Higher-order factor analysis was conducted to evaluate the extent to which a second-order factor, along with the present study's two first-order factors, account for meaningful proportions of variance in RBANS performances. The Digit Span subtest did not load substantially on a first-order factor, but it was included in the higher-order analysis to assess the ability of a second-order factor to account for variance in all 12 RBANS subtests. As shown in Table 3, the second-order general factor accounted for 77.8% of the common variance and 34.8% of the total variance in RBANS subtest scores. The general factor also accounted for 16%–62% (Mdn = 36%) of individual subtest variability. Factor 1 accounted for 13.9% of the common variance, the largest proportion of variance accounted for by a first-order factor. Regarding total variance, Factor 1 accounted for 6.2%. Factor 2 accounted for 8.2% of the common variance and 3.7% of the total variance. The first- and second-order factors together explained 44.7% of the total variance in subtest scores, although the first-order factors accounted for relatively small proportions of variance in their respective subtests when compared with the general factor. Whereas Factor 1 accounted for 10%–18% (Mdn = 14%) of variance in its subtest scores, the general factor accounted for 38%–62% (Mdn = 49%) of the variance in Factor 1 subtest scores. Likewise, whereas Factor 2 accounted for 5%–9% (Mdn = 7%) of the variance in its subtest scores, the general factor accounted for 19%–38% (Mdn = 25%) of the variance in Factor 2 subtest scores. The six subtests that loaded highest on the general factor were Story Recall (0.79), Story Memory (0.70), List Learning (0.70), List Recall (0.65), List Recognition (0.62), and Figure Recall (0.62), all of which are subtests designed to assess memory. The remaining subtests (Digit Span, Picture Naming, Semantic Fluency, Line Orientation, Figure Copy, and Coding) loaded less heavily on the general factor and had relatively low communality estimates, suggesting the presence of unexplained variance at the subtest level.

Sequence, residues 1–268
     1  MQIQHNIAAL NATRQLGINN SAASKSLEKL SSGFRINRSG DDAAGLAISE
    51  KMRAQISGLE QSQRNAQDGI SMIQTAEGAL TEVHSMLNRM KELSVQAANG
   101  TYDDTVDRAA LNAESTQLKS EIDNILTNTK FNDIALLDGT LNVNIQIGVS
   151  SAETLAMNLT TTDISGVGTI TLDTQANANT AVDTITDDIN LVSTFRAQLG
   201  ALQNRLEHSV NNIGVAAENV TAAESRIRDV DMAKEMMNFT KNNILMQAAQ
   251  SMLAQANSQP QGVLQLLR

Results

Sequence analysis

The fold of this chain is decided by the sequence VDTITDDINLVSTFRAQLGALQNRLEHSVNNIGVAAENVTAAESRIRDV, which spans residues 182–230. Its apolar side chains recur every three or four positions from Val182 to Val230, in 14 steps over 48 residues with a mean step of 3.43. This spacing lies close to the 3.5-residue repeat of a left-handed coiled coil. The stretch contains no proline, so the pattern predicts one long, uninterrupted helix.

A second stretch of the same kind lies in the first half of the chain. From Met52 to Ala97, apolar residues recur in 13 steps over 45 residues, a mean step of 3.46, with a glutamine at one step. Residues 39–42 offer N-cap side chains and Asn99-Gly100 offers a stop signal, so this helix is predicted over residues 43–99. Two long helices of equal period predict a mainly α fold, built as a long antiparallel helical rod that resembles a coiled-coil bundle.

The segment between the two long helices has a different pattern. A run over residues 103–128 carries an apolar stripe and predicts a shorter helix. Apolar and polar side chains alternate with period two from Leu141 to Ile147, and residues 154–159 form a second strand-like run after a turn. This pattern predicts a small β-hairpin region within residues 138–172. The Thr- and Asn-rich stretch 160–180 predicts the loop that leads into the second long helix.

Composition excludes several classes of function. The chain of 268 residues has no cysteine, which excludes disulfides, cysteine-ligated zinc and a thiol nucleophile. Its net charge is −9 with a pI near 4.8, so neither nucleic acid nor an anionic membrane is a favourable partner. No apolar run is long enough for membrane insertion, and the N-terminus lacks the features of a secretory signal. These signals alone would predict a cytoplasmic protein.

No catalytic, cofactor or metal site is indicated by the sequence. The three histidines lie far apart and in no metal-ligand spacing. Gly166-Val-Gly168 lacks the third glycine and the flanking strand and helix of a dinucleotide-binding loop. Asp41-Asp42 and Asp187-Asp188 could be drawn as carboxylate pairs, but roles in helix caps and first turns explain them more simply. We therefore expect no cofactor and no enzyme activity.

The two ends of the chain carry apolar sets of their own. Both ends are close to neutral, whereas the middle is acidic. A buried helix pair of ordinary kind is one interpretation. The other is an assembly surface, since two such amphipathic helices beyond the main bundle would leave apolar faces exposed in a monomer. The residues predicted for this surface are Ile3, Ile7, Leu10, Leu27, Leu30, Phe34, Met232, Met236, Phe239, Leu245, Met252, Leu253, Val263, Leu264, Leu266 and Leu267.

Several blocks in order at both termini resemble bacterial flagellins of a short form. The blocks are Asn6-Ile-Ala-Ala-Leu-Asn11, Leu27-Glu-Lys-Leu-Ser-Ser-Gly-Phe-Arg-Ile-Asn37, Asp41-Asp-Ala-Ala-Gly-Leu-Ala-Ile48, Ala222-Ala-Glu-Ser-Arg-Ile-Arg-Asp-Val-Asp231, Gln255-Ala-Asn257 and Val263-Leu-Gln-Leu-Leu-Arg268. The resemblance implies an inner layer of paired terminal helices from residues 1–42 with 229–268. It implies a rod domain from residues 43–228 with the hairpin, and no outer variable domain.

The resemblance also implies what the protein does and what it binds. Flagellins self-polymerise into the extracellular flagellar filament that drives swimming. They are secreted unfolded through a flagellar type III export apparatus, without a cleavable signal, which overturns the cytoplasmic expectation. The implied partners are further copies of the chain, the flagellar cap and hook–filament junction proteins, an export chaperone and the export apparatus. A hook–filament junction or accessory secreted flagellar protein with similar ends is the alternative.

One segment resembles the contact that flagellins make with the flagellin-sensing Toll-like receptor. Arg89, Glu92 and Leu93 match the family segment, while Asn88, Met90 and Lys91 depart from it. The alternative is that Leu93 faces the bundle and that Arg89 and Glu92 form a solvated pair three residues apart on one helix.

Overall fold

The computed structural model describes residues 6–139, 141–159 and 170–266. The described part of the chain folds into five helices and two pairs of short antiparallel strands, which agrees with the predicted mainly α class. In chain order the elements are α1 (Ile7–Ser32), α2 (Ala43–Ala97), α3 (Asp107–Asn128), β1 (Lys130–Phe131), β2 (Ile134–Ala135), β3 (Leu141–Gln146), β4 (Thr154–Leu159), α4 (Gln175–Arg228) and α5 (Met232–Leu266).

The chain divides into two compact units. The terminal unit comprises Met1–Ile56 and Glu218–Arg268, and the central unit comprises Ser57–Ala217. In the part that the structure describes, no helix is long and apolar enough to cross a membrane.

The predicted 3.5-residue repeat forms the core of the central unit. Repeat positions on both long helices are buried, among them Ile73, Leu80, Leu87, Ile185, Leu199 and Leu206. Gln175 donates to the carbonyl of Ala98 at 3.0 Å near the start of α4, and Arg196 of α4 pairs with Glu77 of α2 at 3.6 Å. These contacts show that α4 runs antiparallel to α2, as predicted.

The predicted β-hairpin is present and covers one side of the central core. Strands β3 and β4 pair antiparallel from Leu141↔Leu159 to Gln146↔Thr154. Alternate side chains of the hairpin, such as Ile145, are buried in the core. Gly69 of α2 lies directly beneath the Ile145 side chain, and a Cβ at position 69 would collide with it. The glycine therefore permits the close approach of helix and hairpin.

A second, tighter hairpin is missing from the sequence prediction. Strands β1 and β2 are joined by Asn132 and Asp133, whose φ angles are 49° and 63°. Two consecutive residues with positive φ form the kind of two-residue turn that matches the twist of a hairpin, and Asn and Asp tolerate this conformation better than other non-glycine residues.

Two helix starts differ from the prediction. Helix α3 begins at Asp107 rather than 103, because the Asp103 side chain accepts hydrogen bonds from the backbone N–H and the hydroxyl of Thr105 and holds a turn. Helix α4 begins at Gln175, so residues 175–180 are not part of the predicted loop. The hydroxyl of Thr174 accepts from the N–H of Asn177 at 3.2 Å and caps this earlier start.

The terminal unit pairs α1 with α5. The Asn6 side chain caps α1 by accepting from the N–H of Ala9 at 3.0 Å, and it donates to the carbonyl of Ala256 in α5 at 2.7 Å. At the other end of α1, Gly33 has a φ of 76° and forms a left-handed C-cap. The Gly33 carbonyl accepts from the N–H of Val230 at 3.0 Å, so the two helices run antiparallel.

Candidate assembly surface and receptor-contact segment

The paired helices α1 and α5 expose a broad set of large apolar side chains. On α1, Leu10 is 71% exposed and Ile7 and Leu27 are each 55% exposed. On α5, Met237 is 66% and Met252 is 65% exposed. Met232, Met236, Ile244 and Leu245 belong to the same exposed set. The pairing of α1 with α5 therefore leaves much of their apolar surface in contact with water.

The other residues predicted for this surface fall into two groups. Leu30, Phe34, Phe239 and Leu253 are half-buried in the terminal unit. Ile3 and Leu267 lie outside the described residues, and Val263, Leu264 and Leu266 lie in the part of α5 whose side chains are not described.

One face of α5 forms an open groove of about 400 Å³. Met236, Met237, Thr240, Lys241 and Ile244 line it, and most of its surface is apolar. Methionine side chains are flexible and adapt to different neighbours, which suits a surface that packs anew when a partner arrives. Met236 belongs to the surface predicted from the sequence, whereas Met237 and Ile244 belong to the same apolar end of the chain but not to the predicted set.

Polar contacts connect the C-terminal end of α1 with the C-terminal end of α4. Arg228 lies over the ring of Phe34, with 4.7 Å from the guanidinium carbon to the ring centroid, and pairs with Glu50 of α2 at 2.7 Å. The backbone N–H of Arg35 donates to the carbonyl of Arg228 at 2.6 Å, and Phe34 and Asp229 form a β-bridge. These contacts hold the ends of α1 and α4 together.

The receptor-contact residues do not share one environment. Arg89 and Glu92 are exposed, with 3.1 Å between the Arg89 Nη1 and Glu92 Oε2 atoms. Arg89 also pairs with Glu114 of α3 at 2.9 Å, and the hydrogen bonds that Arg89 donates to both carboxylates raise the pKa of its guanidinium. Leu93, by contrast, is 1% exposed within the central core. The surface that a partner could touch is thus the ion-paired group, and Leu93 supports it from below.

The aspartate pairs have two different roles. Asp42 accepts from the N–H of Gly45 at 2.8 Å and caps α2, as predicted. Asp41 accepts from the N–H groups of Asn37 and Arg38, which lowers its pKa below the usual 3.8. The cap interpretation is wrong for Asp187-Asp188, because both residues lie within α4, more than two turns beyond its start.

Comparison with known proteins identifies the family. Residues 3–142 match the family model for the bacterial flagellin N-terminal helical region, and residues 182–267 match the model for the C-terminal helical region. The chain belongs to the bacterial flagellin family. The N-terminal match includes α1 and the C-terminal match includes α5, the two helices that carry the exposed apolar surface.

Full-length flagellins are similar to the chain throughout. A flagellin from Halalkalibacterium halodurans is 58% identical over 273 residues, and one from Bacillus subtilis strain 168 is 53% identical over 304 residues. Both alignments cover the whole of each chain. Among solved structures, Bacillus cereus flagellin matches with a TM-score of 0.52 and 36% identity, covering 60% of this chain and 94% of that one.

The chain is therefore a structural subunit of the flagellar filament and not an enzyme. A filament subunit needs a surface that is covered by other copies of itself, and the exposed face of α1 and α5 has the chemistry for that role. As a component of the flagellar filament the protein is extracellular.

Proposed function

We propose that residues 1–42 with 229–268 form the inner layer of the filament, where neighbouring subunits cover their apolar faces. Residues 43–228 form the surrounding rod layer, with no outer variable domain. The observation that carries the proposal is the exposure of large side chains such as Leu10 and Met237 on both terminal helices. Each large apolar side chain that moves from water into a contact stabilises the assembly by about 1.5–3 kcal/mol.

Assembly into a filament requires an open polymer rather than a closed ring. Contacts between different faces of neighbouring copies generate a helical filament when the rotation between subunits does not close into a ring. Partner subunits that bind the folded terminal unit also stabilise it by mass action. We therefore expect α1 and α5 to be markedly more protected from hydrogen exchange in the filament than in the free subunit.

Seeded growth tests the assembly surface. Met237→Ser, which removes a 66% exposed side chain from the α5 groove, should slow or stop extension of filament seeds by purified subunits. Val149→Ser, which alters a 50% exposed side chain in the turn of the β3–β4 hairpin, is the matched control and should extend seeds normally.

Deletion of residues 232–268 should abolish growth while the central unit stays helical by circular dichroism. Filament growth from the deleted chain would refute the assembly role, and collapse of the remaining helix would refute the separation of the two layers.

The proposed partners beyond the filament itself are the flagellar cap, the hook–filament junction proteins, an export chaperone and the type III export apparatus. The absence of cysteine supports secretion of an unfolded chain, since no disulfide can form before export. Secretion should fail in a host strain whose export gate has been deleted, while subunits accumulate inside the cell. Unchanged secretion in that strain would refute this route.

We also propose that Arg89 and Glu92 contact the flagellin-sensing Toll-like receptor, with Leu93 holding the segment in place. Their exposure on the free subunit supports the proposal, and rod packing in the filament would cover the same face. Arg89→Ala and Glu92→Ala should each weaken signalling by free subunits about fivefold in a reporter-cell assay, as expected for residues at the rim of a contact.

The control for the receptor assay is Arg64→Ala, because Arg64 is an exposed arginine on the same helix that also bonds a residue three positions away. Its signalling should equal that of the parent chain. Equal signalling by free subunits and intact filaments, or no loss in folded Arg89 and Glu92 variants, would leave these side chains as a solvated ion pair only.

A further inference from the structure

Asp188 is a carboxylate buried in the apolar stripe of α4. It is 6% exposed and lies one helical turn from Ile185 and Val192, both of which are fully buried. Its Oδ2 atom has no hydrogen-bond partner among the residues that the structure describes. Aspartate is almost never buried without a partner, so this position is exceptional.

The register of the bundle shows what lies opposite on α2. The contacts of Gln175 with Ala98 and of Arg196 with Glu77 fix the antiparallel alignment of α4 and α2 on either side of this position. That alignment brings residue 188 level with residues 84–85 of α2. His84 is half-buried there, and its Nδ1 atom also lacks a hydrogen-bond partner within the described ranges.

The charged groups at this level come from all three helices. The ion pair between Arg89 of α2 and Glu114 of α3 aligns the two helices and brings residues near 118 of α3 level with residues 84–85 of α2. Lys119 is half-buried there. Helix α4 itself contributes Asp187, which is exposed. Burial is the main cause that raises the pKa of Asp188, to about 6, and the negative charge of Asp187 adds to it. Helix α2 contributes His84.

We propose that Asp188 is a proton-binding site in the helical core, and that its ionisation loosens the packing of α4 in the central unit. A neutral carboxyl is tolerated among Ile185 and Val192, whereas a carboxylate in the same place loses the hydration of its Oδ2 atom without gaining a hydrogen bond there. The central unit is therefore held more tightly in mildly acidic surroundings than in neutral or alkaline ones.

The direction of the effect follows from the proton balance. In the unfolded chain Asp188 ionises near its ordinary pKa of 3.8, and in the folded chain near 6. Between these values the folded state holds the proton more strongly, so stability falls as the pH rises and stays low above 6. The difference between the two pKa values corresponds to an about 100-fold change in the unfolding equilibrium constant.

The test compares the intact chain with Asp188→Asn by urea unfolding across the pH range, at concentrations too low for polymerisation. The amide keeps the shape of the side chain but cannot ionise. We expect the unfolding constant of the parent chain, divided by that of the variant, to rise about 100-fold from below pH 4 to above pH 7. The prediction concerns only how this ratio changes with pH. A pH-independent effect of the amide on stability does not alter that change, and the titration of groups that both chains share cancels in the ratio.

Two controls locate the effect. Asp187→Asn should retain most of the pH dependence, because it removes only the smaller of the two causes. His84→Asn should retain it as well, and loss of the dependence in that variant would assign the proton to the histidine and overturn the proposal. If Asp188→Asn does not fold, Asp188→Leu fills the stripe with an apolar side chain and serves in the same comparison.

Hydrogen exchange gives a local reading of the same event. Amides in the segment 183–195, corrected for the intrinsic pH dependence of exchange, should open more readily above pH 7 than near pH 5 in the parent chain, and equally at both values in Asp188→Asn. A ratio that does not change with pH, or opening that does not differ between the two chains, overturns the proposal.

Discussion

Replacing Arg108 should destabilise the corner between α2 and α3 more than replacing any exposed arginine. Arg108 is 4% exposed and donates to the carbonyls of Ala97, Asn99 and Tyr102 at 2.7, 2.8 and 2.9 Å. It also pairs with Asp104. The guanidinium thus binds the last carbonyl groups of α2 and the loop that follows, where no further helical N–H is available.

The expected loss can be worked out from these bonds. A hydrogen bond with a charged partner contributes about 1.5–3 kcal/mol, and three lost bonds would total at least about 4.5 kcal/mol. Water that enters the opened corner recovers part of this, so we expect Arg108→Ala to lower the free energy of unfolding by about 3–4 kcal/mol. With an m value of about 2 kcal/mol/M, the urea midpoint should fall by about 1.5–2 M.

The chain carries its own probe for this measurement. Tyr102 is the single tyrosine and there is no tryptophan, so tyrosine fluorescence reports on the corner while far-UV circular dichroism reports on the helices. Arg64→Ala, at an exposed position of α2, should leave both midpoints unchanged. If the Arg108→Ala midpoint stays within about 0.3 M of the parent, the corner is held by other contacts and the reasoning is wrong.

Table 3.

Orthogonalized higher-order factor analysis of RBANS subtests

RBANS subtest General
 
Factor 1
 
Factor 2
 
h2 u2 
b %S2 b %S2 b %S2 
List Learning 0.70 49 0.42 18 −0.02 0.64 0.36 
List Recall 0.65 42 0.42 18 −0.05 0.60 0.40 
List Recognition 0.62 38 0.37 14 −0.01 0.48 0.52 
Story Recall 0.79 62 0.35 12 0.10 0.79 0.21 
Story Memory 0.70 49 0.32 10 0.08 0.72 0.28 
Line Orientation 0.52 27 0.00 0.30 9 0.32 0.68 
Picture Naming 0.44 19 −0.04 0.28 8 0.24 0.76 
Figure Copy 0.47 22 0.01 0.26 7 0.35 0.65 
Semantic Fluency 0.45 20 0.00 0.26 7 0.31 0.69 
Coding 0.58 33 0.10 0.23 5 0.37 0.63 
Figure Recall 0.62 38 0.14 0.22 5 0.51 0.49 
Digit Span 0.40 16 0.08 0.15 0.20 0.80 
% Total S2  34.8  6.2  3.7 44.7 55.3 
% Common S2  77.8  13.9  8.2   
RBANS subtest General
 
Factor 1
 
Factor 2
 
h2 u2 
b %S2 b %S2 b %S2 
List Learning 0.70 49 0.42 18 −0.02 0.64 0.36 
List Recall 0.65 42 0.42 18 −0.05 0.60 0.40 
List Recognition 0.62 38 0.37 14 −0.01 0.48 0.52 
Story Recall 0.79 62 0.35 12 0.10 0.79 0.21 
Story Memory 0.70 49 0.32 10 0.08 0.72 0.28 
Line Orientation 0.52 27 0.00 0.30 9 0.32 0.68 
Picture Naming 0.44 19 −0.04 0.28 8 0.24 0.76 
Figure Copy 0.47 22 0.01 0.26 7 0.35 0.65 
Semantic Fluency 0.45 20 0.00 0.26 7 0.31 0.69 
Coding 0.58 33 0.10 0.23 5 0.37 0.63 
Figure Recall 0.62 38 0.14 0.22 5 0.51 0.49 
Digit Span 0.40 16 0.08 0.15 0.20 0.80 
% Total S2  34.8  6.2  3.7 44.7 55.3 
% Common S2  77.8  13.9  8.2   

Notes: b = loading of subtest on factor; S2 = variance explained; h2 = communality; u2 = uniqueness.